On Mon, Jan 22, 2007 at 02:51:47PM +0000, Heikki Linnakangas wrote:
> I've been looking at the way we do vacuums.
> The fundamental performance issue is that a vacuum generates
> nheapblocks+nindexblocks+ndirtyblocks I/Os. Vacuum cost delay helps to
> spread the cost like part payment, but the total is the same. In an I/O
> bound system, the extra I/O directly leads to less throughput.
> Therefore, we need to do less I/O. Dead space map helps by allowing us
> to skip blocks that don't need vacuuming, reducing the # of I/Os to
> 2*ndirtyblocks+nindexblocks. That's great, but it doesn't help us if the
> dead tuples are spread uniformly.
> If we could piggyback the vacuum I/Os to the I/Os that we're doing
> anyway, vacuum wouldn't ideally have to issue any I/O of its own. I've
> tried to figure out a way to do that.
> Vacuum is done in 3 phases:
> 1. Scan heap
> 2. Vacuum index
> 3. Vacuum heap
> Instead of doing a sequential scan, we could perform the 1st phase by
> watching the buffer pool, scanning blocks for dead tuples when they're
> in memory and keeping track of which pages we've seen. When all pages
> have been seen, the tid list is sorted and 1st phase is done.
> In theory, the index vacuum could also be done that way, but let's
> assume for now that indexes would be scanned like they are currently.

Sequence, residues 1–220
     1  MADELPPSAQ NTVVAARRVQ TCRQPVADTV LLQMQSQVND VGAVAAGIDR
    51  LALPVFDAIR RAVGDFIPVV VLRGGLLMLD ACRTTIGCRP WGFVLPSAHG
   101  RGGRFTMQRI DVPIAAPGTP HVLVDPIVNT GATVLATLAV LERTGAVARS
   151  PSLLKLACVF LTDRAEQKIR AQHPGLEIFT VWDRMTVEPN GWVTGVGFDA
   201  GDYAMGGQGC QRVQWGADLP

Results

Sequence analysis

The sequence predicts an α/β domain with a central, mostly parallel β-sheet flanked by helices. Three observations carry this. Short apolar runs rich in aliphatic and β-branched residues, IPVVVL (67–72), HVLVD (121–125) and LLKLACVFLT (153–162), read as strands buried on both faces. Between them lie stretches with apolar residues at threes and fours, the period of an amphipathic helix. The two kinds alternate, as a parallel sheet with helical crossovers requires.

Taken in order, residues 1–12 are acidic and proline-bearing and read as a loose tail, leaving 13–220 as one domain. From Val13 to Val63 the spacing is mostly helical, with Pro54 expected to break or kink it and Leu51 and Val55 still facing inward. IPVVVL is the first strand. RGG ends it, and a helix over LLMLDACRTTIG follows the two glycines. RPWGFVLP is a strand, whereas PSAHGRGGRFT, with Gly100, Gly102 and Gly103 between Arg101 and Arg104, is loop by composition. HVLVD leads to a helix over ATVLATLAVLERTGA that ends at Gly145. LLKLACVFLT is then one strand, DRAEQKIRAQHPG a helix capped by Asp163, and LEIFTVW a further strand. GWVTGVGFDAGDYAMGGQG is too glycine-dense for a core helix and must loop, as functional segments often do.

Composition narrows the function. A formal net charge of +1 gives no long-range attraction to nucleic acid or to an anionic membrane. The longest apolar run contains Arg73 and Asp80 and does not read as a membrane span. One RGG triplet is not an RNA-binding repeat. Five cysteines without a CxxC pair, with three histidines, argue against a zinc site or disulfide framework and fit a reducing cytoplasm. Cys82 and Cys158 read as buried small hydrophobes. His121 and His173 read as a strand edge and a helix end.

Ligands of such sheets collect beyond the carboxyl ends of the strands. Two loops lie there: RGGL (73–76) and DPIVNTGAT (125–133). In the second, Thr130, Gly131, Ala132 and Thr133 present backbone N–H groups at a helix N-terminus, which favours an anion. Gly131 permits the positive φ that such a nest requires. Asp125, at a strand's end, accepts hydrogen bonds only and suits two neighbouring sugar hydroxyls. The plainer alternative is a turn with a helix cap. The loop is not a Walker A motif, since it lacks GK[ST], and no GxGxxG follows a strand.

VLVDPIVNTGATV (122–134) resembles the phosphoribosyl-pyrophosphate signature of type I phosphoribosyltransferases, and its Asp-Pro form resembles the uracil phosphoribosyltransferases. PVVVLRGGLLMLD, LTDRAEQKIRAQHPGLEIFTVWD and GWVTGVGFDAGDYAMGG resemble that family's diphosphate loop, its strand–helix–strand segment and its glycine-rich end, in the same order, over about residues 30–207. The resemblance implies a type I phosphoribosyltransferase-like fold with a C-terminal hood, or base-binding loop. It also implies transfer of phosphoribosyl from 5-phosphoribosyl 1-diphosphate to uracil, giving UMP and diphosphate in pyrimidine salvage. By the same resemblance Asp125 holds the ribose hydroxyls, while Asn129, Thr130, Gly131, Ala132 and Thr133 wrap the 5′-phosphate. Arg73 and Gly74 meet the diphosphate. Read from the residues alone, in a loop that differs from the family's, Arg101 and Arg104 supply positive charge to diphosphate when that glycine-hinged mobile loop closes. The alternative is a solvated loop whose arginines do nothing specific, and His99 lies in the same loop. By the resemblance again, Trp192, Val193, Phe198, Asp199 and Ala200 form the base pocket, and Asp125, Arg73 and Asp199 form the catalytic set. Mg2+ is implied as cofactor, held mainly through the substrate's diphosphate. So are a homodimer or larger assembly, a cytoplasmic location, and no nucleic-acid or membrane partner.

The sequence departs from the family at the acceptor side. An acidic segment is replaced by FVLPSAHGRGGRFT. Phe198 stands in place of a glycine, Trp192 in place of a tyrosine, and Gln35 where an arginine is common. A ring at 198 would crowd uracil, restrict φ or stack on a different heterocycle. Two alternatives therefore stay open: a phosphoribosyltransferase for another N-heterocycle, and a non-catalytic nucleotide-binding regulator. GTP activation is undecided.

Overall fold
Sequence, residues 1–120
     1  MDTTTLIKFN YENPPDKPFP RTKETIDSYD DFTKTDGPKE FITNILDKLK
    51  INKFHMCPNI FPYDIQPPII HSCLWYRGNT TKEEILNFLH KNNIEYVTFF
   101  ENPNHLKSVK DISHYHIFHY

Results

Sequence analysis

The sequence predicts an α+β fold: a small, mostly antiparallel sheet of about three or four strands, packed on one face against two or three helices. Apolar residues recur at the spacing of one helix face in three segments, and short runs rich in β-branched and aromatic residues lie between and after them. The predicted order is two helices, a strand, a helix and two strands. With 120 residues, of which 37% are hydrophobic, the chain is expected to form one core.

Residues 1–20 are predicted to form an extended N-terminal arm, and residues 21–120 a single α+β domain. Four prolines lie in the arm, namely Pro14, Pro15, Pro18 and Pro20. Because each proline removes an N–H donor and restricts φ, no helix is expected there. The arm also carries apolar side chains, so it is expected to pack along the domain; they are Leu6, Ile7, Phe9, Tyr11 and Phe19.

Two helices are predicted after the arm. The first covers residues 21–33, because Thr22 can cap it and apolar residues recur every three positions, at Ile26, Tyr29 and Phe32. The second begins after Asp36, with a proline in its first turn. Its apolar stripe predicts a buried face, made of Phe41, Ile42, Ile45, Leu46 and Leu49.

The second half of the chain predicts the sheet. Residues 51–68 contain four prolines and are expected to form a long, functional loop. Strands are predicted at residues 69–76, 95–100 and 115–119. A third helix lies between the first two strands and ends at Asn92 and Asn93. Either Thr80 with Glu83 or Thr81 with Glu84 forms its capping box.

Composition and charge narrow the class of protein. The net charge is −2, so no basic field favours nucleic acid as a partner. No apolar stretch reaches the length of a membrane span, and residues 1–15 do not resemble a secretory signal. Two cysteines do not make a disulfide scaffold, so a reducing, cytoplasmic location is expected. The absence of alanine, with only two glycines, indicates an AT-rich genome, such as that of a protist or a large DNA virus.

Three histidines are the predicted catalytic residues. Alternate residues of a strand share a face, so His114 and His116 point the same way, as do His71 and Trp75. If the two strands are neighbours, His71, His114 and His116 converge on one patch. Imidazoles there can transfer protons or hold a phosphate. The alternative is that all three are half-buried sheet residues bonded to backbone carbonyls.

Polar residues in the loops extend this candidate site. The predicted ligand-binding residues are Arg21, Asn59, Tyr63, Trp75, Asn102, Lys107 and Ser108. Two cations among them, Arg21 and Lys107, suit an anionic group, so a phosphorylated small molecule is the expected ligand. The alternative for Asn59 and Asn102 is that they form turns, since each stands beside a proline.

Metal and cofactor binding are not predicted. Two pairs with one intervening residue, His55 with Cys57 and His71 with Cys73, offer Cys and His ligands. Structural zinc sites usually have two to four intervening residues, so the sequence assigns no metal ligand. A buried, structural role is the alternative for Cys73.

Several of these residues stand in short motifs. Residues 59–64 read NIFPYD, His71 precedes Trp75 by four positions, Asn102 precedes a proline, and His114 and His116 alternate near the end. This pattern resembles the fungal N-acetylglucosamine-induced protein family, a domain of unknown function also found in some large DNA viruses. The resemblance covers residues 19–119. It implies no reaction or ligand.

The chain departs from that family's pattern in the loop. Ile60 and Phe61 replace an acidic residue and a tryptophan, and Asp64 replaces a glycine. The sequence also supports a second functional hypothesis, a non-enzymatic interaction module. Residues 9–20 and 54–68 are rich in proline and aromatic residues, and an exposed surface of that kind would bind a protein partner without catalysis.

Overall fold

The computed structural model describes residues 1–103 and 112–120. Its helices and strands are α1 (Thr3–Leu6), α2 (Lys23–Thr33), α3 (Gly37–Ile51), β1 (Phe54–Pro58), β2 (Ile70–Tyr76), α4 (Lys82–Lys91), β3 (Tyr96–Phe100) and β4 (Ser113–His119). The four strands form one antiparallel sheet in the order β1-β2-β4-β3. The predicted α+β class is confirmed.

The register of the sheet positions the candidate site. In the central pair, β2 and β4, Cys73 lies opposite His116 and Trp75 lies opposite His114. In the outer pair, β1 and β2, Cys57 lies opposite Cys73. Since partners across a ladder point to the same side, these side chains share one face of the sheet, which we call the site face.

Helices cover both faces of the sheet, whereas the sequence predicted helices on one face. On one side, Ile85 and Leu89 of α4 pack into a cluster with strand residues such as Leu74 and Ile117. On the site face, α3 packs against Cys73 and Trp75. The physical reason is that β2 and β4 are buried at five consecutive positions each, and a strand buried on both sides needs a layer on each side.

> The 3rd phase can be performed similarly to the 1st phase. Whenever a
> page enters the buffer pool, we check the tid list and remove any
> matching tuples from the page. When the list is empty, vacuum is complete.
Is there any real reason to demark the start and end of a vacuum? Why
not just go to a continuous process? One possibility is to keep a list
of TIDs for each phase, though that could prove tricky with multiple
> A variation of the scheme would be to keep scanning pages that are in
> cache, until the tid list reaches a predefined size, instead of keeping
> track of which pages have already been seen. That would deal better with
> tables with hot and cold spots, but it couldn't advance the relfrozenid
> because there would be no guarantee that all pages are visited. Also, we
> could start 1st phase of the next vacuum, while we're still in the 3rd
> phase of previous one.
What if we tracked freeze status on a per-page basis? Perhaps track the
minimum XID that's on each page. That would allow us to ensure that we
freeze pages that are approaching XID wrap.
Jim Nasby [EMAIL PROTECTED]
EnterpriseDB http://enterprisedb.com 512.569.9461 (cell)
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